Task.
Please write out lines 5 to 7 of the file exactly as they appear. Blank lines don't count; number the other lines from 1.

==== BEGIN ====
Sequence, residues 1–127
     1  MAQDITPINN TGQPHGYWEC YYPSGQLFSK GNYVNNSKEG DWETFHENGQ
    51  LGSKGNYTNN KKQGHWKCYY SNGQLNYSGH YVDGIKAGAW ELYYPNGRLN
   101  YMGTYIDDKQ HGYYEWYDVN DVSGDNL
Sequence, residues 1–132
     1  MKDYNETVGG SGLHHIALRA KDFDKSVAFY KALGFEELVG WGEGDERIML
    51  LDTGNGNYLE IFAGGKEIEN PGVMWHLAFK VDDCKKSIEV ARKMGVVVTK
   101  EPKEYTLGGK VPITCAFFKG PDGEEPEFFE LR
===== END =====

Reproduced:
Sequence, residues 1–132
     1  MKDYNETVGG SGLHHIALRA KDFDKSVAFY KALGFEELVG WGEGDERIML
    51  LDTGNGNYLE IFAGGKEIEN PGVMWHLAFK VDDCKKSIEV ARKMGVVVTK